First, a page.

Canada’s health care system could be a lot greener, experts say.
According to a new report, the health care system is the third-highest-emitting health system per capita in the world — behind Australia and the U.S. — but it represents not quite five per cent of Canada’s total greenhouse gas emissions.
By comparison, Canada’s agricultural sector accounts for about 10 per cent of emissions, the transportation industry 24 per cent and the oil and gas industry 27 per cent, according to government data.
Health care is relatively efficient, though, as it accounts for around 11 per cent of economic expenditure, but only five per cent of emissions, one study found.
But that doesn’t mean it can’t do better, the authors say.
“We all have a responsibility to do our fair share,” said Dr. Courtney Howard, an emergency room doctor in Yellowknife and lead author of the 2019 Countdown on Climate Change Briefing for Canadian Policymakers.
“It’s like a budget. Five per cent over time adds up,”
The report is part of the Lancet’s annual Countdown on Health and Climate Change Report, released Wednesday. This year’s report found that children around the world were at risk from climate change, including from malnutrition as a result of a changing food supply and infectious diseases that are expected to spread more easily.
Canada’s country report suggests that we cut back on emissions in the transportation sector, develop better plans to deal with wildfires, and clean up the health care system itself.
“One of the first things they taught me in med school was ‘do no harm,’” Howard said. “And so we want to be consistent with that in terms of how we’re actually conducting our own operation.”
Hospitals and acute care facilities are big contributors to emissions in health care, she said. Aside from basic things like keeping the lights on, what goes on in an operating room can also have a big impact.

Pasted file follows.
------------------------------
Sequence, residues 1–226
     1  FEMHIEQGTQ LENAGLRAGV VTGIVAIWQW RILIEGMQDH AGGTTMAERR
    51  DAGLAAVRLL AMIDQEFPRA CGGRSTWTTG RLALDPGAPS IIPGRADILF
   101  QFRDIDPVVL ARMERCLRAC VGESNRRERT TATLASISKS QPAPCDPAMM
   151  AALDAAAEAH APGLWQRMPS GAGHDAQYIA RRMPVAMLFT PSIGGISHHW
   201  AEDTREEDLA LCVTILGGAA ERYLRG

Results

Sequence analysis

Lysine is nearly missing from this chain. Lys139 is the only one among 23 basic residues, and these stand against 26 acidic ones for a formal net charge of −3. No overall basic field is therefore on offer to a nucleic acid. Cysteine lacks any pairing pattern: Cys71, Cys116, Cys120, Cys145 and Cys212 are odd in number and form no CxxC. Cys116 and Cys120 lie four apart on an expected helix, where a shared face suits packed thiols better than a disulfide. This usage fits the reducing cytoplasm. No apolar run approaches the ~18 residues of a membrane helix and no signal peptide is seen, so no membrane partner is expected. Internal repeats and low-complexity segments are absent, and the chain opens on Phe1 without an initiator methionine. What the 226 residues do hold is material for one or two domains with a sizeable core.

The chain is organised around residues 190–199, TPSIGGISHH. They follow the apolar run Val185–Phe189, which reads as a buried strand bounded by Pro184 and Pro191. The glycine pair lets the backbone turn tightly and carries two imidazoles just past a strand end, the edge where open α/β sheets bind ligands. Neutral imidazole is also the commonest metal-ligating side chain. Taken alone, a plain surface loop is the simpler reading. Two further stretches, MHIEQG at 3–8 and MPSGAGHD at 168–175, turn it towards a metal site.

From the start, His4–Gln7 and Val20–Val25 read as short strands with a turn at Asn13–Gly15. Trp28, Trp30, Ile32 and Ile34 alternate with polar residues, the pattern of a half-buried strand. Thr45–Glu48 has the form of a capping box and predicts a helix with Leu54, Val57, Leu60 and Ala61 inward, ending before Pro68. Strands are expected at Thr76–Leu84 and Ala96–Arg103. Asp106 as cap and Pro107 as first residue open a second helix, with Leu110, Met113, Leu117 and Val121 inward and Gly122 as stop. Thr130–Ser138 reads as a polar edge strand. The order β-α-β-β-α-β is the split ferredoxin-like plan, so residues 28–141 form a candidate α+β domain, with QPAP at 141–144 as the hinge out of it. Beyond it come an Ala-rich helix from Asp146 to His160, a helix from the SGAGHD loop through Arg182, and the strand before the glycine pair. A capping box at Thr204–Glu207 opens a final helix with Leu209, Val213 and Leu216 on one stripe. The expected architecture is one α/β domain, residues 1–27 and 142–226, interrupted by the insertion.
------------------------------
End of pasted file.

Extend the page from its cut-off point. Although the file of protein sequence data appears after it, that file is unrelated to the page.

A recent study comparing three operating rooms in Vancouver, Minnesota and the U.K. found that anesthetic gases used during surgery contributed significantly to a hospital’s carbon footprint.
So, too, did the ventilation systems in the operating room, which completely circulate the air many times a day. They constituted about 52 per cent of an inpatient hospital’s energy use.
Another huge contributor of emissions is the energy used to make, transport and dispose of items used in health care settings, like syringes, medications, bandages and so on. According to a report by the group Health Care without Harm, these account for 71 per cent of emissions attributable to the health care sector.
Howard believes there’s “low-hanging fruit” that could be tackled to reduce the sector’s emissions.
Some anesthetic gases are more polluting than others, she said. That same study showed the British hospital relying on a different anesthetic than North American ones, which meant these emissions were lower.
“So if anesthetists simply switch from one to the other, it can result in a really big decrease in greenhouse gas emissions.”
The operating room study found that simply turning off the ventilation systems in unused operating rooms at Vancouver General Hospital in the middle of the night or on weekends reduced their energy use by half.
“That’s a lot of wasted energy,” she said. “And when they fixed it, they also saved a lot of money.”
Fixing these problems won’t necessarily be expensive, she thinks.
“We anticipate this will actually save money,” she said, by reducing energy use or moving away from certain disposable items — which have to be manufactured and transported — to reusable ones.
“I remember when I was a med student at Squamish Hospital, there was one day when the rep came in to extoll the virtues of disposable drapes,” Howard said. Many hospitals in the early 2000s swapped out their surgical drapes, which are placed over the patient during surgery, for a disposable option.
Unfortunately, she said, when staff threw out the drapes after the surgery, they often also accidentally threw out a lot of expensive surgical instruments that were caught in them.
Canada wouldn’t be the first country to tackle emissions in health care, either. Between 2007 and 2017, the U.K.’s National Health Service reduced its emissions by 18.5 per cent, despite increasing clinical activity. Howard attributes this mostly to government standards and programs that applied to all public sector activities, including public health.
As the Canadian public becomes increasingly aware of the links between climate change and health, she said, she thinks that both health care providers and their patients will increasingly want to take action.
“I think this is just a place where there’s huge win-wins for all of us to be making change that we can all feel good about.”